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Condition - Osteoporosis – "the silent disease"

By Jenny Bodenham BA (Hons) DipION MBANT

June 2011 has been designated National Osteoporosis month to raise awareness of this increasingly prevalent and potentially debilitating disease. 

The term osteoporosis literally means “porous bones”. It is a disease where bones lose mass and density, becoming more fragile and susceptible to fracture. The hips, spine and wrists are most commonly affected. Fractures may cause pain, loss of height and spinal curvature and may result in disability and dependency. Osteoporosis has been labelled “the silent disease” as it generally progresses with no early warning signs prior to fracture. 

Currently, osteoporosis affects an estimated three million people in the UK, but, with increasing life expectancy of the UK population over future decades, this figure is expected to increase. One in two women and one in five men over the age of 50 will suffer a fracture. Post-menopausal women are at greatest risk of developing the disease due to a decline in protective levels of oestrogen.

Bone is a complex living tissue, containing collagen, calcium, phosphorous and a range of other minerals, including magnesium, boron, zinc, copper, silicon and manganese. It is constantly being renewed in a process called “remodelling”, where bone cells called osteoclasts dissolve old weak bone (resorption) and osteoblasts synthesise new bone. When these two processes are in balance, healthy bone is maintained. Loss of bone density occurs when there is an accelerated breakdown of bone that overtakes the formation of new bone.

Build up your bones

It is never too early to invest in bone health! A poor diet and lack of exercise during childhood and the teenage years may sow the seeds for brittle bones in later life. Unfortunately, many youngsters aspire to an unhealthy body image at the very time when they should be building bone mass. Peak bone density is achieved around the age of 25 years, after which time, bone density gradually starts to decline. Women may lose up to 20% of their bone mass in the five to seven years after the menopause, whereas men do not usually experience a large hormonal fluctuation until they are older. 

Osteoporosis, however, is not inevitable. While there is a genetic component to osteoporosis risk, the development of good dietary and lifestyle habits can make a substantial difference to the strength and quality of the bones.

Risk factors for osteoporosis include:


  • Increased age
  • Early menopause (before the age of 45)
  • Early hysterectomy
  • Family history of osteoporosis
  • Eating disorders, such as anorexia and bulimia
  • Small frame
  • Irregular periods
  • Female hormone imbalance
  • Over/under exercise


  • Heavy smoking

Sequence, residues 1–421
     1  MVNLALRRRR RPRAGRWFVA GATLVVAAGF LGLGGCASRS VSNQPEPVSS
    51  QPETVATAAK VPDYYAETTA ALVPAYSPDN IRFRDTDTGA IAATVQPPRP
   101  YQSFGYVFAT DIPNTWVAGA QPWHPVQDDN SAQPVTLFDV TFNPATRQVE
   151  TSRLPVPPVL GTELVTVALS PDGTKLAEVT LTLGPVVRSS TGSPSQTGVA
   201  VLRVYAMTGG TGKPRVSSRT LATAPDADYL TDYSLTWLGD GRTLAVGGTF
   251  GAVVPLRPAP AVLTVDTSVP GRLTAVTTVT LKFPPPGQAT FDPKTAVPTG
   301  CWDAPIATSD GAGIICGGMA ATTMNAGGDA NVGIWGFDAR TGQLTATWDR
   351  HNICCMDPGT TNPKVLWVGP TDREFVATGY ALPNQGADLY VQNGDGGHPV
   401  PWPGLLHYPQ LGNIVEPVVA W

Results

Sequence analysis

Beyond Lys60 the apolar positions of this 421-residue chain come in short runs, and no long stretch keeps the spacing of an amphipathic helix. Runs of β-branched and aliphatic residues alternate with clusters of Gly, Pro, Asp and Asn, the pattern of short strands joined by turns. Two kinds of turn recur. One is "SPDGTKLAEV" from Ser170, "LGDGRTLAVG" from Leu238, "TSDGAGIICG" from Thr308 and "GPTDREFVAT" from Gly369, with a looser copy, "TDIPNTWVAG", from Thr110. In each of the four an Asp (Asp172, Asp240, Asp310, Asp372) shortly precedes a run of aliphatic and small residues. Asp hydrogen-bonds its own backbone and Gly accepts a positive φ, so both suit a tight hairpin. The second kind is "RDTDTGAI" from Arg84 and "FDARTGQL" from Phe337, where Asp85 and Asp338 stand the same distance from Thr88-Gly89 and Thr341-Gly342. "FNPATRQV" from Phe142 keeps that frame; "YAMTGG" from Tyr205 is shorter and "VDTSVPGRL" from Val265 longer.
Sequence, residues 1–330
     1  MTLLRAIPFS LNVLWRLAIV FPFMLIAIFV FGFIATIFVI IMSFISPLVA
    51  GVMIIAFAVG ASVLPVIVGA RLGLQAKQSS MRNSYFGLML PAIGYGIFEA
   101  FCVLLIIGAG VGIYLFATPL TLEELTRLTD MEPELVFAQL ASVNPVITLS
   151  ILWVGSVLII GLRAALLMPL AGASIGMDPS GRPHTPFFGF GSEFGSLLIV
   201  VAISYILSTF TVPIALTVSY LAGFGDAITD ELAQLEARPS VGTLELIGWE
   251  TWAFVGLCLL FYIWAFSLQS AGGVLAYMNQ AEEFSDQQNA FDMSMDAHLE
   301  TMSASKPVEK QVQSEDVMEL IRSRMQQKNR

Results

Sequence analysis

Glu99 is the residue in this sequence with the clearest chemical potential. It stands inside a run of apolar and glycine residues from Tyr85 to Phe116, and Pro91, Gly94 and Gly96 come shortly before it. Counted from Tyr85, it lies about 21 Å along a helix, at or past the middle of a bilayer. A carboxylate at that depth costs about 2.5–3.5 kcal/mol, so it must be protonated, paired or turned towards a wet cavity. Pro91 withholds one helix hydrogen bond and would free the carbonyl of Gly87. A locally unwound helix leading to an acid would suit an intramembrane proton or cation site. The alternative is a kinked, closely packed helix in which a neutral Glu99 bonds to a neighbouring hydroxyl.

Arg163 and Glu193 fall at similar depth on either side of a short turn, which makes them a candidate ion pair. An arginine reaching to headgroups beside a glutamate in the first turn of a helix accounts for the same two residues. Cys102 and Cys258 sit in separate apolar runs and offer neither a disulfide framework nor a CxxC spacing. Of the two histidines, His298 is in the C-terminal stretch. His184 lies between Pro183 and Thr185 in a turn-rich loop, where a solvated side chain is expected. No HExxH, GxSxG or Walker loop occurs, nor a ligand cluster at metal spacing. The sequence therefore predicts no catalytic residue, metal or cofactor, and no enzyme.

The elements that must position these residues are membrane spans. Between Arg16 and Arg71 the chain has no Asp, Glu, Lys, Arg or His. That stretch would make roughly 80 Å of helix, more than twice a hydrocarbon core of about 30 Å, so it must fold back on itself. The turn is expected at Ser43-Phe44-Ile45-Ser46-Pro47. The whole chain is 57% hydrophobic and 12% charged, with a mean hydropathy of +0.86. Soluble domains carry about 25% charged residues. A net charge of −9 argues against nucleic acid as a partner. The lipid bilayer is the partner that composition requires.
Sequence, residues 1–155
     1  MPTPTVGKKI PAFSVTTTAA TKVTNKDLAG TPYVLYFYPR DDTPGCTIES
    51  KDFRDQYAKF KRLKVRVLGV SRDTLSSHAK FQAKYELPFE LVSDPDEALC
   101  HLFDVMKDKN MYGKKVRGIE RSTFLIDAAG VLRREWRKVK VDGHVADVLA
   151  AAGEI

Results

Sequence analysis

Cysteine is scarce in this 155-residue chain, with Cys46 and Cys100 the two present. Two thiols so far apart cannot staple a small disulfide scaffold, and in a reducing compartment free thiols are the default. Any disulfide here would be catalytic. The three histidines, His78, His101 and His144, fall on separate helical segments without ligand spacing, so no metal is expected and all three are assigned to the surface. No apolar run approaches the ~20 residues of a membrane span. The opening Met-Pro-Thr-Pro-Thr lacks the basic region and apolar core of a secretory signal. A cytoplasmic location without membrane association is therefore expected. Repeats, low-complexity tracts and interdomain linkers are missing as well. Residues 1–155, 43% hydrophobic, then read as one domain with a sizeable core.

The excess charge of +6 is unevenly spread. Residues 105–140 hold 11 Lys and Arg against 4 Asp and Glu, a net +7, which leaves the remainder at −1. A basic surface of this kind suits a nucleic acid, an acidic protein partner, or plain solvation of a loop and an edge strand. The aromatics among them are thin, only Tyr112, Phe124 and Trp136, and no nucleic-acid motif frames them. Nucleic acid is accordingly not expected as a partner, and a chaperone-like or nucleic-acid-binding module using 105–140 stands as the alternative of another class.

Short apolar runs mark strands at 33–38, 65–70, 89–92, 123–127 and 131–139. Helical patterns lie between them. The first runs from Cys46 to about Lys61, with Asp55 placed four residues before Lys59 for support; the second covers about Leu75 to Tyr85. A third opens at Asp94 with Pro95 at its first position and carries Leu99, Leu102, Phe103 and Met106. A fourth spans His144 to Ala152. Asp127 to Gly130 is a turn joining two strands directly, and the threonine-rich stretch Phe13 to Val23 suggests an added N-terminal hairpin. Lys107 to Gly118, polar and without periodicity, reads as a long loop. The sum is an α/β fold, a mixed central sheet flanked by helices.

• Increased alcohol and caffeine intake
  • Long-term stress
  • Lack of natural daylight
  • Poor nutrition
  • Malabsorption problems
  • Lack of weight-bearing exercise
  • Use of certain medications
  • Immobility
  • Over-acidity


Bone up on nutrition!

While calcium is essential for the skeletal system, dairy products may not be well tolerated and are not the only calcium source. The mashed bones found in tinned oily fish,such as mackerel, sardines and salmon, provide a rich source of calcium. Calcium is also found in green leafy vegetables, such as curly kale, watercress and spring greens. Dried figs, almonds, ground sesame seeds and tahini are also good sources. Magnesium is a crucial mineral, needed to enhance absorption of calcium from food and to promote mineralisation of the bones. It is found in beans, lentils, tofu, almonds, walnuts, pumpkin seeds, green leafy vegetables and wholegrains. Additionally, oily fish, nuts and seeds, as well as eggs, beans and lentils, are all sources of healthy protein, which is an important component of bone tissue. Eat a diet high in alkalising fruits and vegetables and avoid sugary and refined carbohydrates, which may increase urinary calcium loss. 

Vitamin D facilitates calcium and phosphorous absorption. Sometimes referred to as “the sunshine vitamin”, it is produced in the body from the action of the UV-B rays in sunlight on 7-dehydrocholesterol on the skin. However, latitude, climate, clothing, skin pigmentation and use of sunscreen may all affect this process. Vitamin D is only found in significant amounts in a small range of foods, such as egg yolk and oily fish, and a number of studies have shown the positive effects of vitamin D supplementation on bone health. 

In the Far East, the diet is traditionally high in foods made from fermented soya, such as natto and tempeh, which are relatively unknown in the West. Studies have shown that soy isoflavones may help to inhibit bone resorption and this may be a factor in the lower incidence of osteoporosis experienced in Asian countries. Natto is also a rich source of vitamin K2, which is needed to promote proper uptake of calcium into the bones. Due to the relatively low consumption of vitamin K2 in the Western diet, it may be beneficial to supplement this important vitamin.

Take steps to support strong bones!

Stop smoking – smoking is associated with lower bone mineral density and increased fracture risk in postmenopausal women. 

Exercise – regular weight-bearing exercise helps to promote bone formation and bone health. Exercise such as rebounding, tennis, dancing, resistance training, yoga and brisk walking may be beneficial. 

De-stress –stress weakens digestion and produces hormones, such as cortisol, that increase urinary calcium loss. Meditation may be helpful, as well as supplementing B vitamins and rhodiola. 

Get some sunshine– regular, sensible sun exposure helps boost vitamin D levels.

Avoid alcohol – keep alcohol consumption to moderate levels and reduce to a minimum if suffering from osteoporosis.

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